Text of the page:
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May '68 documented in the press and other publications
Newspapers, magazines, and journals of the era serve as rich primary sources for understanding the complexities of May '68. The UC Berkeley Library has in its collection a few of these such as L'enragé and Interluttes while others can be accessed online. The May Events Archive at Simon Fraser University with its digitized booklets, pamphlets, magazines, and newspapers from the epoch is one such place. Caroline Hoctan's Mai 68 en revues is an incredible reference tool for identifying journals and magazines.
UC Berkeley Library students, faculty, and other researchers have liberal access to these rich source materials through interlibrary loan, electronic delivery, and a growing collection of digitized material.
A newspaper digital archive offering full-text and full-image articles for significant US newspapers. Our subscription includes access to Chicago Defender (1910-1975); Chicago Tribune (1849-1990); Los Angeles Times (1881-1990); The New York Times (1851-2010) with Index (1851-1993); San Francisco Chronicle (1865-1922); The Wall Street Journal (1889-1996); and The Washington Post (1877-1997).
Indexes newspapers covering all aspects of British life and world affairs in the 19th and 20th centuries. Contains four major historical resources: Palmer's Index to the Times which covers The Times (London, 1790-1905); The Official Index to the Times (1906-1980); The Historical Index to the New York Times (1863- 1922); and Palmer's Full Text Online (1785-1870).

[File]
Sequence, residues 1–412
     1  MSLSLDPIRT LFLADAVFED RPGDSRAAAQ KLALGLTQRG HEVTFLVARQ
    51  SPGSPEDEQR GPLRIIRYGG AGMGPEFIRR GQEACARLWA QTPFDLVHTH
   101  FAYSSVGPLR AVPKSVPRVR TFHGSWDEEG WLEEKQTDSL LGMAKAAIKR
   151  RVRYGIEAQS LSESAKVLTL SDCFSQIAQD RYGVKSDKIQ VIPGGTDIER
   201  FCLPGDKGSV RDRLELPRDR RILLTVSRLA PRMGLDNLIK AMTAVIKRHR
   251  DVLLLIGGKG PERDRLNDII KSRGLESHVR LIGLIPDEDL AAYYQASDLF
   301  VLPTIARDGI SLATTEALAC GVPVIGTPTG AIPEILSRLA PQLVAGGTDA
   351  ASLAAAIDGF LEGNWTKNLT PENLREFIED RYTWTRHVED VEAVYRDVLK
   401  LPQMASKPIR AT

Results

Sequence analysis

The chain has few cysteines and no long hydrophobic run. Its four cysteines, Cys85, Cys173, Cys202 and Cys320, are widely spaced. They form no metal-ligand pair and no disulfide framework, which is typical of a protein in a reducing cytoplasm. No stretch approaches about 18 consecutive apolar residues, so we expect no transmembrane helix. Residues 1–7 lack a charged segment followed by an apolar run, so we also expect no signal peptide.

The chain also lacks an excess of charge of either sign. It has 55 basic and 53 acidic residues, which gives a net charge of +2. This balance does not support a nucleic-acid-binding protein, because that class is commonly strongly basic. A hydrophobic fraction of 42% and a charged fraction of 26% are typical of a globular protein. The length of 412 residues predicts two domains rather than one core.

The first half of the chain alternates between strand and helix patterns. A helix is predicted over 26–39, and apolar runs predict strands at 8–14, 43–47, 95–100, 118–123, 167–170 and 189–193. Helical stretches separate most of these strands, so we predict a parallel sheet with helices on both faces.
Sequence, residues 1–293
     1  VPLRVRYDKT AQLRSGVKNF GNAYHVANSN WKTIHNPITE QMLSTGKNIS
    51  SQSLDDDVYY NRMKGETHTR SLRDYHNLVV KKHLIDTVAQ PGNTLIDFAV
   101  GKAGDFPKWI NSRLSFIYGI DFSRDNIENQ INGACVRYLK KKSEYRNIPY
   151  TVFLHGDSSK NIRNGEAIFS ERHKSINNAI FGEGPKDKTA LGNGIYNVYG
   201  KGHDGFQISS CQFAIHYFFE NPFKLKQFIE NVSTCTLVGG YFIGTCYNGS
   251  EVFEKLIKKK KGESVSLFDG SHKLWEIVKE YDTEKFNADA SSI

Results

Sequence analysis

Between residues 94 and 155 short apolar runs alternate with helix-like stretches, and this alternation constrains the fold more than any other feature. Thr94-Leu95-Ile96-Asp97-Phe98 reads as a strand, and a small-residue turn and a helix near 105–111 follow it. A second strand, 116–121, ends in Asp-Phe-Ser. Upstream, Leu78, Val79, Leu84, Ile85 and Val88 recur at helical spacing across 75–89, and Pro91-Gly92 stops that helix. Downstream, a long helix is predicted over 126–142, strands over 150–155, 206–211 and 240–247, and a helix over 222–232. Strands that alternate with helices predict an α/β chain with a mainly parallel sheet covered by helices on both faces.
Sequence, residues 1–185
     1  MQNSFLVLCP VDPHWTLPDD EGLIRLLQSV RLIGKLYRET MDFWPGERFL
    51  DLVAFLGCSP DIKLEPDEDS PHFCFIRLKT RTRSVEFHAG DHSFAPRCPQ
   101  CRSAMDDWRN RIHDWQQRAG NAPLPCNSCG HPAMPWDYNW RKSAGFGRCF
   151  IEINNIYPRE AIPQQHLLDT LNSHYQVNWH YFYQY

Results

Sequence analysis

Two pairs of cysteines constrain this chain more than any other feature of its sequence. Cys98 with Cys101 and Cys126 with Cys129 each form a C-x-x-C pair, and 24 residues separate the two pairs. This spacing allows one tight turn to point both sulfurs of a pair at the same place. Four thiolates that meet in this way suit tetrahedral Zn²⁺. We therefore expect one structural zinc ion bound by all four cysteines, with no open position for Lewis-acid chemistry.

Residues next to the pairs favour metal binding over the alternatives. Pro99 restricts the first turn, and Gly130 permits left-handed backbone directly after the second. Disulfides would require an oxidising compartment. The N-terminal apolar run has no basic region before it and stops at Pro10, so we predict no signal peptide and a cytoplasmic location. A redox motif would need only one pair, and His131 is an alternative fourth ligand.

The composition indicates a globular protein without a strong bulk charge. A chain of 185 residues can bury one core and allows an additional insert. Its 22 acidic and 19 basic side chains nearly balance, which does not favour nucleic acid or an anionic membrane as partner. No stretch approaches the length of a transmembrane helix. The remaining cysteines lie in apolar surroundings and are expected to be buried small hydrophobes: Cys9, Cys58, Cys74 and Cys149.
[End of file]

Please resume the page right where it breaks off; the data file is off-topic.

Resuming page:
A database of more than 20,000 newspaper titles from over 150 countries dating back over 350 years. A useful source for identifying the titles of newspapers from a region during a given time period. (The source does not link to full text.)
Le Monde diplomatique stands out in an increasingly uniform media landscape for its critical vision, in-depth analysis of world issues and reportages that illuminate the state of the planet. In 1996, it won editorial and financial independence by forming its own company. Le Monde owns 51%; the Friends of Le Monde diplomatique and Gunter Holzmann Association, comprising the paper’s staff, together own 49%.